Four Democrats were present at former Vice President Joe Biden’s latest virtual event, a roundtable to discuss states’ responses to COVID-19. But among the trio of male voices, Michigan Gov. Gretchen Whitmer took center stage. 

“I think you’ve done one hell of a job,” Biden said to Whitmer from his home porch in Wilmington, Delaware on Thursday afternoon, teeing up a lengthy conversation filled with overt praise of the woman who is thought to be in the mix as his potential running mate.

“Gretchen’s got it exactly right,” Gov. Ned Lamont (D-CT) said a few minutes later to a response from Whitmer about her approach in Michigan.  “Gretchen said it,” Gov. Phil Murphy (D-NJ) added at another point. 

Throughout the round table, Biden, Murphy, and Lamont continued to elevate Whitmer—one of a dozen names thought to be considered by Biden’s newly announced vice presidential vetting committee—who has been overseeing the state-wide response to the novel coronavirus pandemic. 

On the virtual campaign trail, Biden is routinely asked about the most important traits in selecting a running mate. He often responds with a “simpatico” relationship and preparedness to lead as top traits.

“The first and most important attribute is, if something happens to me, the moment after it does, that that person is capable of taking over as President of the United States of America,” Biden said during a virtual fundraiser on Wednesday night, according to a pool report of the event.  “I want to make sure that the person I pick is bright, has capacities in areas that I do not, that I’m not as qualified, that I don’t have as much capacity. And in fact, is ready to be president on day one. And that process is underway, and I can’t tell you that it’s been narrowed down at all, we’re just beginning.”

During Thursday afternoon’s panel, Whitmer provided the most detailed answers to Biden’s questions about efforts being done on the front lines to mitigate the spread of the virus, acknowledging that the state’s “aggressive actions are starting to pay off,” but cautioning that “we’ve still got a lot of work to do,” and that “there’s no question that we need help from the federal government.”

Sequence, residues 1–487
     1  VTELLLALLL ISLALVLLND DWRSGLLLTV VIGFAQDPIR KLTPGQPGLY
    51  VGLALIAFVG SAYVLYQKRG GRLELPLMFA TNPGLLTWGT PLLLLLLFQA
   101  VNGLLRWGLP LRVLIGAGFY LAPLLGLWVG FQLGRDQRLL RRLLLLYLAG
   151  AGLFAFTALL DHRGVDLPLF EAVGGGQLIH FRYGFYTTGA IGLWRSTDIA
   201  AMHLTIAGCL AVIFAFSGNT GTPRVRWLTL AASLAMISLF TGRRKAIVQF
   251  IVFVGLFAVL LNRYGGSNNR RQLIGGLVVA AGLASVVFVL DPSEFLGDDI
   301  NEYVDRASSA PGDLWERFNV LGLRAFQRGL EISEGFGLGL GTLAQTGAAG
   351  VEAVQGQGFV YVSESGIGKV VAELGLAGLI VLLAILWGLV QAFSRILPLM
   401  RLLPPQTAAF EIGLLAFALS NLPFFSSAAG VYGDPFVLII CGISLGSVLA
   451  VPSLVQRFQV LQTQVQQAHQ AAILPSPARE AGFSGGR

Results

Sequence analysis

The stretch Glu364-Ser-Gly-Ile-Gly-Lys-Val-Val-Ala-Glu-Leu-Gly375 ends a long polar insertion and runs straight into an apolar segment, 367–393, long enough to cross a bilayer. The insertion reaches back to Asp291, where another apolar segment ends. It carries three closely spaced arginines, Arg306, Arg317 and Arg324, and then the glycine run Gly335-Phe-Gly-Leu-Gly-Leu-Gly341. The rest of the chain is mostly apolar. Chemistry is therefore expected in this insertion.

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At one point, when asked by Biden about the likelihood that the pandemic could rebound in the fall—a scenario that health experts have cautioned the public about for several weeks—Whitmer was not shy about jumping in first. 

“Maybe I’ll start if that’s all right,” she said. “What we know is that until there’s a vaccine or a cure, the best tool that we have, aside from social distancing, is testing. We have the capabilities to keep up testing. But what we don’t have are some of the critical simple supplies.”

Biden, who pledged to select a woman as his running mate in mid-March, largely steered clear of a political conversation, opting instead for questions about specific needs on the ground. Towards the end of the conversation, however, when addressing the former vice president’s request for the governors’ final thoughts, Murphy and Lamont veered into politics, saying  the country needs Biden to defeat President Donald Trump in the White House.

Whitmer, notably, did not.  

Instead, she turned the panel’s attention back to the bigger picture in the fight against coronavirus.  

“I hope we’ve learned a lot about racial disparities,” she said. “I hope that we have learned to embrace science.”

Gretchen Whitmer’s Chilling Call With the White House

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